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Boyster

Matching Velocities undocked, possible in Kerbal?

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I was trying to completely match velocities side by side but i found even with precision controls on and low RCS twr it felt impossible.

I was wondering if its doable or its always gonna be a small difference.

I am guessing in real life its impossible and there is always a need for corrections, well except if they dock.

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Posted (edited)

It is physically impossible, I'm afraid - in real life and in KSP both.

What you're experiencing is called "microgravity". When you are side by side with another spacecraft, you are still not in the exact same position - your centers of mass are a few dozen meters or so apart. And that means that these two spacecraft are effectively in different orbits. The difference is extremely small, sure - but over time, orbital mechanics will pull the two spacecraft apart, or towards each other, or the like. A perfectly nulled out velocity difference will immediately start growing, however slowly, the moment you turn off your engines.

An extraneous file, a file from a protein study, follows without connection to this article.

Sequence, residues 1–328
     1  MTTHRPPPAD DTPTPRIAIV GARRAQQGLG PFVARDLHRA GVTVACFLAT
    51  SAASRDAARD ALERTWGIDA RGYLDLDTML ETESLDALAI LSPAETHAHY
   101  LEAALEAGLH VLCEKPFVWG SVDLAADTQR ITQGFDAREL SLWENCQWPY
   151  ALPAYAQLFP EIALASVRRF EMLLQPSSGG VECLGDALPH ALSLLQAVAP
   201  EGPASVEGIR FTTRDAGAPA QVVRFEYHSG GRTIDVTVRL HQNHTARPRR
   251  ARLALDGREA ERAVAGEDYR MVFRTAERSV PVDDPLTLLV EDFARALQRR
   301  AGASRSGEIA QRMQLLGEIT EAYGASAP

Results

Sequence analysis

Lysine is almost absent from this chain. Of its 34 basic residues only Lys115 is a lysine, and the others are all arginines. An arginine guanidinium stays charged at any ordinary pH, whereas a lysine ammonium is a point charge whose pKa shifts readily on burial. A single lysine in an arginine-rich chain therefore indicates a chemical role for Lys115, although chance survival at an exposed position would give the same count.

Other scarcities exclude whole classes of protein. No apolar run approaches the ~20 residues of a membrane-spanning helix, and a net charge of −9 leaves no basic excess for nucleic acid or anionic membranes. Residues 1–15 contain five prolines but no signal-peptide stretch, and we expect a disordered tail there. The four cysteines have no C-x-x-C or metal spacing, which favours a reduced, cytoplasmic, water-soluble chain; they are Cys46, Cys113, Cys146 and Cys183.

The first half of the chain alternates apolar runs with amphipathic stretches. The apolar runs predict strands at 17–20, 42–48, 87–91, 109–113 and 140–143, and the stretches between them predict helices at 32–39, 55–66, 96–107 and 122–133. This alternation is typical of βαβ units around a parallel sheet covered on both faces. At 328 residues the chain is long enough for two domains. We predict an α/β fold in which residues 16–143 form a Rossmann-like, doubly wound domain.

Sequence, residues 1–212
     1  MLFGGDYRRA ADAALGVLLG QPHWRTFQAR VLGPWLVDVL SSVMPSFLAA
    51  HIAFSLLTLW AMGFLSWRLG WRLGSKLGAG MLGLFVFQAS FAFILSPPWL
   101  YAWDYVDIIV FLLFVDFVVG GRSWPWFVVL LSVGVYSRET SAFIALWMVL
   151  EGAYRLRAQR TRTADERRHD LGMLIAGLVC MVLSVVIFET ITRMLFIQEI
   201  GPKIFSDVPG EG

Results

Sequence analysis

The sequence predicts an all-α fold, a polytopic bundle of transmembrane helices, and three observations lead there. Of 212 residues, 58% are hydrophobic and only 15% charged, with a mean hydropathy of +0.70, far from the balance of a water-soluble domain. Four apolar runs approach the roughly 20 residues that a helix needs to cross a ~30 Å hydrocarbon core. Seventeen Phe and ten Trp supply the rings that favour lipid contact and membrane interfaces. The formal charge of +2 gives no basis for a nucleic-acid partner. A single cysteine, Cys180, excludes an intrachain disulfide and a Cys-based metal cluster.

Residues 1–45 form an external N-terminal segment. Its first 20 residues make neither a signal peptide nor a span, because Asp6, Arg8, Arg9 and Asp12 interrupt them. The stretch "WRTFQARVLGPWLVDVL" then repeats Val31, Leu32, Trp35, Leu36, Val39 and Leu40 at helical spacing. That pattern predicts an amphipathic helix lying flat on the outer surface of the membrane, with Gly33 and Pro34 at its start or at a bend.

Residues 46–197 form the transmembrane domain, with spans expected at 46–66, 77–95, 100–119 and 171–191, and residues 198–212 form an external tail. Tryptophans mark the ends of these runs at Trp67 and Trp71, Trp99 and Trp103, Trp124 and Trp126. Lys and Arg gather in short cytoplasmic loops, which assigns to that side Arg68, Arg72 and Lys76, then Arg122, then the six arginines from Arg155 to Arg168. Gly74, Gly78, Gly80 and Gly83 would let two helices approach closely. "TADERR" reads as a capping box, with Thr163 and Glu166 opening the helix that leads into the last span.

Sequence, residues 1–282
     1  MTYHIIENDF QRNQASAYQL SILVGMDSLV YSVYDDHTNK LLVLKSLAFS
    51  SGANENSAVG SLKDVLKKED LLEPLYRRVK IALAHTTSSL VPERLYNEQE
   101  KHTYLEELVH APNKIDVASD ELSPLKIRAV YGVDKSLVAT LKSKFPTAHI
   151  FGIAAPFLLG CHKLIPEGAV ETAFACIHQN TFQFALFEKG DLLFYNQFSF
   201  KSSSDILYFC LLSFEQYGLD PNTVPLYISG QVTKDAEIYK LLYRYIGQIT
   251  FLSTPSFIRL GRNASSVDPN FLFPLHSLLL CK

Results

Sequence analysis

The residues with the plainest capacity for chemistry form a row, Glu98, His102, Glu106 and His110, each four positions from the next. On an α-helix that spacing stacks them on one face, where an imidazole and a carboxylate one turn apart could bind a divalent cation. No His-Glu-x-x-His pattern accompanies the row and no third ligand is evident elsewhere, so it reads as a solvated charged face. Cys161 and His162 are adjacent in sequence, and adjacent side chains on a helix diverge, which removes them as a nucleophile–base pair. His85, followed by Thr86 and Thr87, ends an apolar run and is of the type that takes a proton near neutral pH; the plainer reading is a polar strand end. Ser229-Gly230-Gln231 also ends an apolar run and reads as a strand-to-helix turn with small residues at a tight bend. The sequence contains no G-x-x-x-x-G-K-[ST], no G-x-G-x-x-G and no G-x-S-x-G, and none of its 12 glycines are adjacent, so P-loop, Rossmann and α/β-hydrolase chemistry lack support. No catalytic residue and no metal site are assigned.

Edited by Streetwind

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Posted (edited)
9 minutes ago, Streetwind said:

It is physically impossible, I'm afraid - in real life and in KSP both.

What you're experiencing is called "microgravity". When you are side by side with another spacecraft, you are still not in the exact same position - your centers of mass are a few dozen meters or so apart. And that means that these two spacecraft are effectively in different orbits. The difference is extremely small, sure - but over time, orbital mechanics will pull the two spacecraft apart, or towards each other, or the like. A perfectly nulled out velocity difference will immediately start growing, however slowly, the moment you turn off your engines.

Could there be a device, like a magnet, or a certain rotation/mechanism that constantly cancels that difference with some distance between the two spacecrafts?

I mean, like in the near future, not a sci fi one lol.

Eitherway, tnx for the good explanation.

Edited by Boyster